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How Education Savings Accounts Provide Opportunity in Times of Crisis

March 26, 2020

March 26, 2020
By Jonathan Butcher

As parents and students go through the second week of coronavirus-related school closures, what was once known as “schooling” has become a scavenger hunt. Families and schools around the country are searching for web sites, e-books, and other tools to offer instruction to children while nearly every family is homebound.

All parents, teachers, and students are making adjustments during this period. Families using education savings accounts, however, are used to seeking out learning experiences that meet a child’s unique needs and then adjusting as circumstances change—so these parents and students are quickly adapting as the pandemic is forcing them to alter a student’s daily routine.

With an education savings account, a state deposits a portion of a child’s funds from the state education formula in private account that parents use to buy education products and services for their student. Lawmakers in Arizona and four other states—Florida, Mississippi, North Carolina, and Tennessee—have made accounts available to eligible families.  

The Bradfords were among the first families to use an education savings account in North Carolina, and even now during the pandemic, the accounts are providing Liz and her daughter, Libby, significant flexibility. “The world has been turned upside down in her little mind,” Liz says, but the Bradfords continue to use Libby’s account to provide education therapies and even virtual instruction.

“After we had our first lesson with the speech therapist, Libby was thrilled. It shows her that there is some normalcy,” Liz says.

Libby Bradford and Dana Corcoran, Immaculata Catholic School principal

Libby, age 10, has beta-propeller protein-associated neurodegeneration, an extremely rare condition that confines her to a wheelchair. Libby communicates using a device that traces her eye movements. Remarkably, since she began using an account, she has started reading and even begun to spell words.

“The child is making some leaps and bounds that no one thought possible,” Liz says.

Now that teaching has moved online, “we’re making it work,” Liz says, “truly because we can make it work” with an account.

Wendy Smith* is making similar adjustments in Arizona using an account. “School-wise, I am spending more time with the kids doing educational games,” she says. She is still using traditional curricular materials such as Singapore math books, but she says, “we are taking the time we would have been using with driving and events and using it for family time.”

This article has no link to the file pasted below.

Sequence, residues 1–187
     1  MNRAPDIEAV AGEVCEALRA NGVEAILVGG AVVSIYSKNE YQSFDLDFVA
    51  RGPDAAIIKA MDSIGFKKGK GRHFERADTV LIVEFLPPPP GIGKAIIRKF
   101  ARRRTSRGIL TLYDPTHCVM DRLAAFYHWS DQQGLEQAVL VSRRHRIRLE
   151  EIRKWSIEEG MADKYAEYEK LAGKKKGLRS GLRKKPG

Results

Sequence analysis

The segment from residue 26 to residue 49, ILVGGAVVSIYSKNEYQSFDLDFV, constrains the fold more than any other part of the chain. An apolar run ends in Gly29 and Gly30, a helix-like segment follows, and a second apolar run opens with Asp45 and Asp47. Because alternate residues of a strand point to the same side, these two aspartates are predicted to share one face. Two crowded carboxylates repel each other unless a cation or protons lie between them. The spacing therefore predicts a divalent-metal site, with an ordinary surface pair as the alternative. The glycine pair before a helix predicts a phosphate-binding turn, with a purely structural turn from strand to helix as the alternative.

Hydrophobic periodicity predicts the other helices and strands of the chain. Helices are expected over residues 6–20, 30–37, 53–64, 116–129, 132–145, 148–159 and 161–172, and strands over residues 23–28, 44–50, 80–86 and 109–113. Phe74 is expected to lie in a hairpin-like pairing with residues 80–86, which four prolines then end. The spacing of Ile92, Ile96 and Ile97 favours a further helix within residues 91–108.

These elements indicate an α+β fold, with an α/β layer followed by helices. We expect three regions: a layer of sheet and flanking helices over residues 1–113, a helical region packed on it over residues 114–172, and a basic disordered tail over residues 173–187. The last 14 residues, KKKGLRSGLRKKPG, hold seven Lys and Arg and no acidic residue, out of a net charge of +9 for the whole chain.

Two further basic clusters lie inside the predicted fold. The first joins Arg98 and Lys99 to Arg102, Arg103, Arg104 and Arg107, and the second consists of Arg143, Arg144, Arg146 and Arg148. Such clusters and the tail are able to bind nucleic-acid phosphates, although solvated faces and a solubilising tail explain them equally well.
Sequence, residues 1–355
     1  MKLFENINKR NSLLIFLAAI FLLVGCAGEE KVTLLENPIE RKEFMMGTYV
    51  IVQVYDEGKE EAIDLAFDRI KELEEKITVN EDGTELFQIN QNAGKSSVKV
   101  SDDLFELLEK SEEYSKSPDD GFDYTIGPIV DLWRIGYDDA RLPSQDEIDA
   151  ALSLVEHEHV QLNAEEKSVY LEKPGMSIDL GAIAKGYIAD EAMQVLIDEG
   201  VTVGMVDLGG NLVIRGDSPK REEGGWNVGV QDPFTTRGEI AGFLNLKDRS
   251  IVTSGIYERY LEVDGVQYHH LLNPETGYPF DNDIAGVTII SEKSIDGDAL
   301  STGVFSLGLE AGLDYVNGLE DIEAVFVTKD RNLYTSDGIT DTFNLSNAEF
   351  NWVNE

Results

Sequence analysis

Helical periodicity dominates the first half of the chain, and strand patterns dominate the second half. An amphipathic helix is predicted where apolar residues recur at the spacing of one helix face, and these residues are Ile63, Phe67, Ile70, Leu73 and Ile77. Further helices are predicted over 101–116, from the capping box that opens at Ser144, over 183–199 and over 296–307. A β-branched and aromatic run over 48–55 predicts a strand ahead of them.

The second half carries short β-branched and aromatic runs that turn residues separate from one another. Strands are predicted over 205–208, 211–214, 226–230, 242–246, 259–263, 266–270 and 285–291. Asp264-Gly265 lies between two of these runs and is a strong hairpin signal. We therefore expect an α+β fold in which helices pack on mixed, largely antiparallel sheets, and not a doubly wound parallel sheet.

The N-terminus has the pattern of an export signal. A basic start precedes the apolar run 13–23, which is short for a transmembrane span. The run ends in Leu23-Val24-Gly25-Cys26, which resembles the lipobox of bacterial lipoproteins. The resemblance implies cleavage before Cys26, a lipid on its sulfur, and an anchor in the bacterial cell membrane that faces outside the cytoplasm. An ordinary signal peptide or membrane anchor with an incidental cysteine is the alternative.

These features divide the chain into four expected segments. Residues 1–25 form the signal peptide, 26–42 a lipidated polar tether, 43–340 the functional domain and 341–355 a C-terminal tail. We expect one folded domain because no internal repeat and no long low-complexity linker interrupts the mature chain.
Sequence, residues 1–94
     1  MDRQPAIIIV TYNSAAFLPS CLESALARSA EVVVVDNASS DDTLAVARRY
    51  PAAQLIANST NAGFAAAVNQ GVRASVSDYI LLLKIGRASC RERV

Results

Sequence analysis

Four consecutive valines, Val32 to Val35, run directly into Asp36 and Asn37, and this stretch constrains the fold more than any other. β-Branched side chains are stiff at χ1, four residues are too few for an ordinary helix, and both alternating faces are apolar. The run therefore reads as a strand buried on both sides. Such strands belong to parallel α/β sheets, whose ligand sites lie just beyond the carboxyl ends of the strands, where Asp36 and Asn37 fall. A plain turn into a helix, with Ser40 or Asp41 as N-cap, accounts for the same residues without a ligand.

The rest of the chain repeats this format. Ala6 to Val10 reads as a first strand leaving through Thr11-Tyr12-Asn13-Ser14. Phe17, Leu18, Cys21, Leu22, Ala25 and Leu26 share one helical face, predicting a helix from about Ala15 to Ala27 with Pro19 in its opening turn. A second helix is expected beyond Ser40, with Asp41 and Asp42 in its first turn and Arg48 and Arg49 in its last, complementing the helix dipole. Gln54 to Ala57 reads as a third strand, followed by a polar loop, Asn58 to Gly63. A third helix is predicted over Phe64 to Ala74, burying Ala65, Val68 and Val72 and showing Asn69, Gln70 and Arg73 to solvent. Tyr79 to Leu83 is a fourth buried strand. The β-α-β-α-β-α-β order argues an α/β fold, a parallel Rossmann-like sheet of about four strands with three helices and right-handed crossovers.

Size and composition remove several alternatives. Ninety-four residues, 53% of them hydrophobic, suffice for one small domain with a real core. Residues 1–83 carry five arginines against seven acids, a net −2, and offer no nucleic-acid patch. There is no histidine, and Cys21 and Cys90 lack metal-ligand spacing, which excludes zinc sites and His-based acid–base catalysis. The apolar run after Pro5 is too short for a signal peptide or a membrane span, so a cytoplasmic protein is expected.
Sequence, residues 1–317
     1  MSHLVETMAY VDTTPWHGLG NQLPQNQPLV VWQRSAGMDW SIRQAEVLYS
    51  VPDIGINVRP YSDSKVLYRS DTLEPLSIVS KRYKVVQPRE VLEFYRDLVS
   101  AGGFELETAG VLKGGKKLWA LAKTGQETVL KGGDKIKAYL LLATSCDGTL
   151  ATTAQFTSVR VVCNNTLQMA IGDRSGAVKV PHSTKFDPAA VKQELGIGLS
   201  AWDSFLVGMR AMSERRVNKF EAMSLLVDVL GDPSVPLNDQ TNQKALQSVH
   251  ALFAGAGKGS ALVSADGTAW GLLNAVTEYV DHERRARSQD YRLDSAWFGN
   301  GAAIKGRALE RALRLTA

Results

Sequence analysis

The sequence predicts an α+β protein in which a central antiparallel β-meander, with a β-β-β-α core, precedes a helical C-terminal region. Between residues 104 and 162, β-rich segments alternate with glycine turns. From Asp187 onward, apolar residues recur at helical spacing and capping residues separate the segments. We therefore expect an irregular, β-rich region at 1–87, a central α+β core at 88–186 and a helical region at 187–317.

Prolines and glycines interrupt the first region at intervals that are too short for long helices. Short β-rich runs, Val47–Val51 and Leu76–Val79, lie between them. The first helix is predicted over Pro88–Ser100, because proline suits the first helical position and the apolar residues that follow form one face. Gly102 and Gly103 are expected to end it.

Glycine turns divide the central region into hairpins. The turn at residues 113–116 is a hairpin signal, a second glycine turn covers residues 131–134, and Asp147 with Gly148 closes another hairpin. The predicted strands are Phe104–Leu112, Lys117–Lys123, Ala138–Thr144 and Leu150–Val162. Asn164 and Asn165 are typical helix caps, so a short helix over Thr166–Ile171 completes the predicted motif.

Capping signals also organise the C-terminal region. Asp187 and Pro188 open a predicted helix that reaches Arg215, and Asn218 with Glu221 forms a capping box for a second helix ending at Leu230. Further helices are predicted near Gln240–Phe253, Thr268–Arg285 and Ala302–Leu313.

“Really, there is so much to do and try, we don’t have enough hours in the day for it all,” she says.

Meanwhile, like many traditional school families, the Bradfords continue to interact with Libby’s teachers with video chat programs and recorded lessons. “Teachers are available at a certain time [each day] to answer questions. Specifically for Libby, we adapt what they do,” Liz says.

The biggest challenge right now? “Having happy kids,” Liz says. “She thrives off the other kids and seeing them.”

Yet the accounts offer hope because Libby can continue participating in some of the critical parts of her routine. “She loves to learn for leaning’s sake, and she’s going to ride this out,” Liz says.

Wendy’s family is also optimistic. “It seems our typical school philosophy—to try new things, learn, and find excitement about the world around us with whatever brains and tools we have on hand—applies very well for times like COVID-19,” she says.

The accounts are helping families adjust even as school buildings are closed and families remain indoors for extended stretches of time. Parents and students need to be flexible as the news changes from day to day, and the accounts offer stability as families make decisions about online instruction and care for children with special needs.

Lawmakers in Arizona and around the U.S. should consider how education savings account families have adjusted so quickly to changes during the last two weeks and make traditional schooling look more like the versatile accounts. Policymakers should make sure education is even more flexible after the quarantine than it was during the pandemic.    

*Name withheld due to the data breach that exposed Arizona education savings account families’ information.

Jonathan Butcher is a Senior Fellow at the Goldwater Institute.



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